Aim: Deposition of nitrogen is assumed to cause loss of botanical diversity, probably through increased production and exclusion of less competitive species. However, if production is (co-)limited by phosphorus, acceleration of the phosphorus cycle may be responsible for the diversity loss and, where that is the case, nitrogen emission reduction may turn out to be an ineffective mitigation strategy. Here we study the feasibility of this mechanism through adding potassium and phosphorus to grassland where nitrogen limitation is absent. Methods: We made vegetation relevés in a long-term agricultural fertilisation experiment where potassium, phosphorus and nitrogen were being added to grassland on drained peat where nitrogen availability was high, even in unfertilised plots. We applied a multivariate analysis to investigate the effect of additions of K, K + P and K + P + N on the species composition. Results: Unfertilised plots had a very low biomass production and were rich in plant species despite their high nitrogen availability. Addition of potassium led to a strongly increased production but did not result in a reduction of species numbers. Phosphorus in addition to potassium increased production still further and decreased species numbers, most notably the number of endangered species. Conclusions: Even under nitrogen rich conditions species richness may be high in grasslands where phosphorous provides a limitation to plant growth. Phosphorus limitation and phosphorus enrichment are both common in grassland, at least in north-western Europe. Part of the general decrease in species numbers that is commonly ascribed to nitrogen enrichment may therefore be due to phosphorus enrichment. If phosphorus and nitrogen are co-limiting (which is often the case) the current nitrogen emission reduction policies may be effective, but not sufficient to restore grassland diversity to its pre-industrial level.

    Monitoring habitat types by the mixed multinomial logit model using panel data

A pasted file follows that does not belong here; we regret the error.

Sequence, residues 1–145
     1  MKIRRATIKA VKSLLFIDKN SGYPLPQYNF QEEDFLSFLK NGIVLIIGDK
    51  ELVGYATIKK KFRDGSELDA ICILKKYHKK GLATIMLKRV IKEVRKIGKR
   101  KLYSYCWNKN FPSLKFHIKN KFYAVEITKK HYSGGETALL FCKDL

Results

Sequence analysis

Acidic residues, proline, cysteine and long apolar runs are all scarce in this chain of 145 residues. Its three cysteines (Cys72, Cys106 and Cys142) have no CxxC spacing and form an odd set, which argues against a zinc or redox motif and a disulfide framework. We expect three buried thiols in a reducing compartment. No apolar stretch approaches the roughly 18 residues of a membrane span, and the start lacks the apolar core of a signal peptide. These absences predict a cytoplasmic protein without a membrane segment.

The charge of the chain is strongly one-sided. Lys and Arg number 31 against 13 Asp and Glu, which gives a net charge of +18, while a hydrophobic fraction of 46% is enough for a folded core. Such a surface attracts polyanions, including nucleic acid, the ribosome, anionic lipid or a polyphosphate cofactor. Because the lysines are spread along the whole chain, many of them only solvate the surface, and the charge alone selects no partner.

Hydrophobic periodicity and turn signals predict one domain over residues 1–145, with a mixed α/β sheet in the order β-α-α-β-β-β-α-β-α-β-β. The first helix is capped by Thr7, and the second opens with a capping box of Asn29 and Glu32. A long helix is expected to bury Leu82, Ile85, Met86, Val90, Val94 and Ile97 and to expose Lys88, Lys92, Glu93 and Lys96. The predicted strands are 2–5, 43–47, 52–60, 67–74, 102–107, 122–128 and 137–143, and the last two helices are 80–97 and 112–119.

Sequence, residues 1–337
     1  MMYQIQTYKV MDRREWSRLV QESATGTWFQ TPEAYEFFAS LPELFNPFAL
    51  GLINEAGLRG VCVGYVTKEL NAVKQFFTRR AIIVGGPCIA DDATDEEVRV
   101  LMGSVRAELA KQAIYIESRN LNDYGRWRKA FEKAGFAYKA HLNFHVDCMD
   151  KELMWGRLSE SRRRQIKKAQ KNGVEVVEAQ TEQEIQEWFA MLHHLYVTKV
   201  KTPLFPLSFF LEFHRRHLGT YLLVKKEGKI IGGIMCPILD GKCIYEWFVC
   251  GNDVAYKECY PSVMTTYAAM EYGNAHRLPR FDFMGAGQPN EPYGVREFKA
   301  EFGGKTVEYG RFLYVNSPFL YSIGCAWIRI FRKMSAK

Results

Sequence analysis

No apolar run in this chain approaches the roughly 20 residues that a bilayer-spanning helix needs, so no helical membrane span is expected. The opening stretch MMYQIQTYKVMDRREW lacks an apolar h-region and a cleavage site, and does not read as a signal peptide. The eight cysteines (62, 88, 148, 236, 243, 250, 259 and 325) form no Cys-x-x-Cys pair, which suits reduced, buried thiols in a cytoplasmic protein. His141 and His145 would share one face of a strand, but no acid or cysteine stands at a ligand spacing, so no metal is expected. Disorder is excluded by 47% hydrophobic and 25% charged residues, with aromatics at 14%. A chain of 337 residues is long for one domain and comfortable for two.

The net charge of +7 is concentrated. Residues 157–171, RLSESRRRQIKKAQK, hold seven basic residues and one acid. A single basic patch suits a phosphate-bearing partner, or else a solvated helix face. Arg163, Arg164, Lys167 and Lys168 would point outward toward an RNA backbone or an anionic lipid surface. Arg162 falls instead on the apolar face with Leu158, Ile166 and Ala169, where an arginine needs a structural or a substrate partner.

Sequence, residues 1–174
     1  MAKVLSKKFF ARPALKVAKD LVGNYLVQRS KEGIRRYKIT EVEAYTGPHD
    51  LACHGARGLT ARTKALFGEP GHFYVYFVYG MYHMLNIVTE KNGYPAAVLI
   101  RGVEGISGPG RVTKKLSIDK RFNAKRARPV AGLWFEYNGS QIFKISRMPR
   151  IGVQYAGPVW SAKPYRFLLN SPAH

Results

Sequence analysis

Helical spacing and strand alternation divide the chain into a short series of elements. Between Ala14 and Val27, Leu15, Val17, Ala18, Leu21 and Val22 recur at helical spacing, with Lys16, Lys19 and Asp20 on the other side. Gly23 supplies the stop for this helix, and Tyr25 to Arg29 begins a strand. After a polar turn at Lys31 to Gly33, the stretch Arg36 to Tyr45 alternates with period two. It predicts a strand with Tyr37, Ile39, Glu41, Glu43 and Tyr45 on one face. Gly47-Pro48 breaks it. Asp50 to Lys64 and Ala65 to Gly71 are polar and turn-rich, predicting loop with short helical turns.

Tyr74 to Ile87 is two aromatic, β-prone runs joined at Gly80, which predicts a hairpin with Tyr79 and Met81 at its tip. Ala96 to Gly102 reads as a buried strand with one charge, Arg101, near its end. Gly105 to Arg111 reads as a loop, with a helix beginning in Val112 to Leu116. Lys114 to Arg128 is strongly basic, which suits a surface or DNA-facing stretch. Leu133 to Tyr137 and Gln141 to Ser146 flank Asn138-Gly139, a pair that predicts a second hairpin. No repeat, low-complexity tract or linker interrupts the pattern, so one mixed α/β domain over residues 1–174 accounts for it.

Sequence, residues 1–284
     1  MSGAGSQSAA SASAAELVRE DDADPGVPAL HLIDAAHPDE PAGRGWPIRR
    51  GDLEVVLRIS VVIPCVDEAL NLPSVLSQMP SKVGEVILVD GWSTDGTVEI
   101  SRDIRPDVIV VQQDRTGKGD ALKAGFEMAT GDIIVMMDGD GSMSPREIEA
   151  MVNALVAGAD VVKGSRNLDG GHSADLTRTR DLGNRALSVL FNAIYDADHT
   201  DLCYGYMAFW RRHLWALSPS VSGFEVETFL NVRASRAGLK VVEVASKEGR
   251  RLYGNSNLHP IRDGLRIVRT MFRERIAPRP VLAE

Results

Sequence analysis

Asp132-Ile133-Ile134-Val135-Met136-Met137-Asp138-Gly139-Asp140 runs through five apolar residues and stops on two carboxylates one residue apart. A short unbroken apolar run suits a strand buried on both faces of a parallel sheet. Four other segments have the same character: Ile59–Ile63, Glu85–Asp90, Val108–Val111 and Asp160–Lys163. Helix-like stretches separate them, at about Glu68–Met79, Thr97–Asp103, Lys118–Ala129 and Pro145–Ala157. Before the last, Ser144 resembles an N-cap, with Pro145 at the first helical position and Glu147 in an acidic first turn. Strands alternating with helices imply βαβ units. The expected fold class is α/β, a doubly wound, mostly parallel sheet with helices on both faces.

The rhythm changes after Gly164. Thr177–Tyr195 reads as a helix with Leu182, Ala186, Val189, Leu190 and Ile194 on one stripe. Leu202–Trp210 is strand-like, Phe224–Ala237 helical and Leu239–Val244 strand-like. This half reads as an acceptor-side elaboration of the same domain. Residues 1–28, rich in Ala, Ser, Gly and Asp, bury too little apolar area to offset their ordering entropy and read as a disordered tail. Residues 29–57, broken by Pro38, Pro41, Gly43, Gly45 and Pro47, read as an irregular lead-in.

Brus, D.J. ; Slim, P.A. ; Gort, G. ; Heidema, A.H. ; Dobben, H.F. van - \ 2016
    Ecological Indicators 67 (2016). - ISSN 1470-160X - p. 108 - 116.
    Habitats in the Wadden Sea, a world heritage area, are affected by land subsidence resulting from naturalgas extraction and by sea level rise. Here we describe a method to monitor changes in habitat types byproducing sequential maps based on point information followed by mapping using a multinomial logitregression model with abiotic variables of which maps are available as predictors.In a 70 ha study area a total of 904 vegetation samples has been collected in seven sampling roundswith an interval of 2–3 years. Half of the vegetation plots was permanent, violating the assumptionof independent data in multinomial logistic regression. This paper shows how this dependency can beaccounted for by adding a random effect to the multinomial logit (MLN) model, thus becoming a mixedmultinomial logit (MMNL) model. In principle all regression coefficients can be taken as random, butin this study only the intercepts are treated as location-specific random variables (random interceptsmodel). With six habitat types we have five intercepts, so that the number of extra model parametersbecomes 15, 5 variances and 10 covariances.The likelihood ratio test showed that the MMNL model fitted significantly better than the MNL modelwith the same fixed effects. McFadden-R2for the MMNL model was 0.467, versus 0.395 for the MNL model.The estimated coefficients of the MMNL and MNL model were comparable; those of altitude, the mostimportant predictor, differed most. The MMNL model accounts for pseudo-replication at the permanentplots, which explains the larger standard errors of the MMNL coefficients. The habitat type at a givenlocation-year combination was predicted by the habitat type with the largest predicted probability. Theseries of maps shows local trends in habitat types most likely driven by sea-level rise, soil subsidence,and a restoration project.We conclude that in environmental modeling of categorical variables using panel data, dependencyof repeated observations at permanent plots should be accounted for. This will affect the estimatedprobabilities of the categories, and even stronger the standard errors of the regression coefficients.
    Een (be)leefbare stad : openbare ruimte in eigen beheer - De Eilandenboulevard
    Kruit, J. ; Broek, L. van den; Dobben, Emma van; Muntjewerf, Sam ; Nieuwland, Wessel ; Reitsema, Rosanna ; Mahbubi, Zohal ; Johannes, Dino ; Simons, A. - \ 2016
    Wageningen UR, Wetenschapswinkel (Rapport / Wetenschapswinkel Wageningen UR 327) - 38
    boten - openbaar groen - stedelijke gebieden - hellingen - stedelijke ecologie - amsterdam - boats - public green areas - urban areas - slopes - urban ecology - amsterdam
    Derivation of critical loads for nitrogen for habitat types and their exceedances in The Netherlands
    Dobben, H.F. van; Hinsberg, A. van; Bal, D. ; Mol-Dijkstra, J.P. ; Wieggers, H.J.J. ; Kros, J. ; Vries, W. de - \ 2015